Living near greenery calms one down – the peace and calming colours bring down the blood pressure, monotonous sounds soothes the busy and stressed mind and the overall abundance of non-man-made stimuli inspire the mind.
Also, I love skiing and running, picking berries, avoiding idiots, grilling marshmallows and taking pictures, so the general proximity of nature works pretty well for me!
As I advertised last time, we spent a week in Lapland. And it was quite nice, although for some reasons hard to comprehend not as nice as I would wish. Now, I actually did not take that many pictures, because I find carrying a DSLR on ski trips awkward. Also… how many pictures of snowy landscapes does one actually fancy looking at in April?
Not that much of azure-blue skies, more silvery beige tones. Nah, I absolutely adore Lapland, but after a long and particularly gray winter I’m not that thrilled any more.
On a more spring-like note, a few shots from the short walks around parks and nature reserves in Helsinki area. As you can see, I got a bit carried away by moss...
Do expect more photos tonight or tomorrow. So long, m’friends!
It is everywhere yet still kind of nowhere 😉 it has been suspiciously sunny and bright lately, yet the temperatures hardly ever climb over +7°C. Ha! But this year, this year I promise I won’t miss the spring moment…
The bottom right pictures is not from a post-tsunami scene, it is this lovely spot next to the sea I will write about in my other blog. Also, I will soon add a few humorous stories from my happy life here up in the North.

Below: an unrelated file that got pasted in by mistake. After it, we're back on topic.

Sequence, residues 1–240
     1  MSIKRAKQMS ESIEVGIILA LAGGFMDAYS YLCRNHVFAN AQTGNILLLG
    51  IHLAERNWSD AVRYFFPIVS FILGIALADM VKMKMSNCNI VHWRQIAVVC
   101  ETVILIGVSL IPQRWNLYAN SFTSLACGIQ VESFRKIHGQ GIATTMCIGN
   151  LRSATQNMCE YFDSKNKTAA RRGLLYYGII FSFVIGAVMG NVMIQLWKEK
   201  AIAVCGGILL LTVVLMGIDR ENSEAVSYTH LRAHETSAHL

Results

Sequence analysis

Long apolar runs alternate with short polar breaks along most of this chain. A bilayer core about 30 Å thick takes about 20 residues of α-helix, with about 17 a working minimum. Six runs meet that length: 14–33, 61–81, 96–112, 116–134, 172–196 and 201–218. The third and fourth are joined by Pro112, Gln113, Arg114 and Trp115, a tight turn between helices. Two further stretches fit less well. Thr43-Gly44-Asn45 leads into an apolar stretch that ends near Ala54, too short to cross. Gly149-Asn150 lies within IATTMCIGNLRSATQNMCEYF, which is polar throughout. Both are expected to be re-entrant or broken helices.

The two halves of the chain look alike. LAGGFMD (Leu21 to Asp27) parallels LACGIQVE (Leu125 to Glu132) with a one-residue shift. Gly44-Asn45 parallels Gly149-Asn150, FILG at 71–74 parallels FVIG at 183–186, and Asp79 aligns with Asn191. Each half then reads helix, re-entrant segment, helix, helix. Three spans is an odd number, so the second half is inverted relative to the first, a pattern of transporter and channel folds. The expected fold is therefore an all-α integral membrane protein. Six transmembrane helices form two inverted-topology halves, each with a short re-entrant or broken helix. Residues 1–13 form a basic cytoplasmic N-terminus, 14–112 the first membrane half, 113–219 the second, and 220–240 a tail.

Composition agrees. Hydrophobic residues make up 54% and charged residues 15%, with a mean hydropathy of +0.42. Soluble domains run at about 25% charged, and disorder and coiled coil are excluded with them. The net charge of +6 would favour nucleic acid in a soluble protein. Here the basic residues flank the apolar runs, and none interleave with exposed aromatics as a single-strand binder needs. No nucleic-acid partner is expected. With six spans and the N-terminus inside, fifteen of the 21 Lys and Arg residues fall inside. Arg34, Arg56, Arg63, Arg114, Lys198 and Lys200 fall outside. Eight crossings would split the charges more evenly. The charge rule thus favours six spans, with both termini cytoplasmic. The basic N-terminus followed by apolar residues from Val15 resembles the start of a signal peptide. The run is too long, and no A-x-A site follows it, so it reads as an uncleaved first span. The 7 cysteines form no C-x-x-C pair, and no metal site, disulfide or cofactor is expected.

The tranquility. The air. The overwhelming desire to buy a boat so that I could actually set my feet on those islands out there…
… and don’t worry, soon you will live to see a real post in here.
I’m back in Helsinki after a wonderful trip to Lapland, and the homesickness stroke again just a day after we came back to the capital. Lapland will always remain the place where my body, mind and heart are completely free; a place on Earth like no other.
And for the tourist in us, whom I believe all of us cherish: yes, there were reindeers. Of course I saw zero reindeer in the wilderness, however, I fed, stroked and cuddled a few of them, now how great is that.
I learned that the best things in life are for free – or they cost 3 €. While on painkiller and muscle relaxant high (migraine), a few weeks back I bought this jumper at the local second-hand store: grey, oversized (or maybe it was just placed on a wrong rack, it was a regular men-sized winter garment) knitted jumper with reindeer pattern and a wind-proof insert. Woolmark. A Finnish product of the 90s I believe for mere 3€ – and my absolute favourite piece of clothing in Lapland! I felt warm and cosy wearing it as a top layer and – most importantly – it made me stood out from the crowds of tourists. I felt so local…
… another one of my 3 € swags was a bag of lichen I bought at the Sámiland museum in Levi, aka Lappish Disneyland and a destination for party skiers, aka a place to avoid – or at least close your eyes while passing downtown Levi on the way to the slopes or treks. Sámiland is a sub-par museum about Sámi culture, and it is located in the basement of a hotel situated right on one of Levi’s slopes. You got the idea. So we got the tickets (or Museokortit) and a bag of lichen, please, because there were reindeers in the outside part of the museum! And they were so much fun to hassle with. When I grow up I will get myself a reindeer, or rather, I’d be taking care of one as reindeers don’t belong to anyone but the nature.
Now, what next is there? Some creative work, some academic work, and getting used to above zero temperatures. And I promise that this year I won’t miss the moment of Finnish spring.